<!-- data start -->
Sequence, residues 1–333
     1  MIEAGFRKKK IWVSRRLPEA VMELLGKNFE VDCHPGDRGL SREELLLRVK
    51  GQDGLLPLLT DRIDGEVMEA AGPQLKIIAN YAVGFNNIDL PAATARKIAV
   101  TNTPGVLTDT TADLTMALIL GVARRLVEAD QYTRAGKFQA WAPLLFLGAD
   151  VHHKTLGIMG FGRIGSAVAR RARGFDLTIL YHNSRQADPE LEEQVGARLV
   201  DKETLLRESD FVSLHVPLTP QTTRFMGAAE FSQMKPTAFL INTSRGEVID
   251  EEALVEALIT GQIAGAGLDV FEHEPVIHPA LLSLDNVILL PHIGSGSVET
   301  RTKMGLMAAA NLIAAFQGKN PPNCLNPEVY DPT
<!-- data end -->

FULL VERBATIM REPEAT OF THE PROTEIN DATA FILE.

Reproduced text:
Sequence, residues 1–333
     1  MIEAGFRKKK IWVSRRLPEA VMELLGKNFE VDCHPGDRGL SREELLLRVK
    51  GQDGLLPLLT DRIDGEVMEA AGPQLKIIAN YAVGFNNIDL PAATARKIAV
   101  TNTPGVLTDT TADLTMALIL GVARRLVEAD QYTRAGKFQA WAPLLFLGAD
   151  VHHKTLGIMG FGRIGSAVAR RARGFDLTIL YHNSRQADPE LEEQVGARLV
   201  DKETLLRESD FVSLHVPLTP QTTRFMGAAE FSQMKPTAFL INTSRGEVID
   251  EEALVEALIT GQIAGAGLDV FEHEPVIHPA LLSLDNVILL PHIGSGSVET
   301  RTKMGLMAAA NLIAAFQGKN PPNCLNPEVY DPT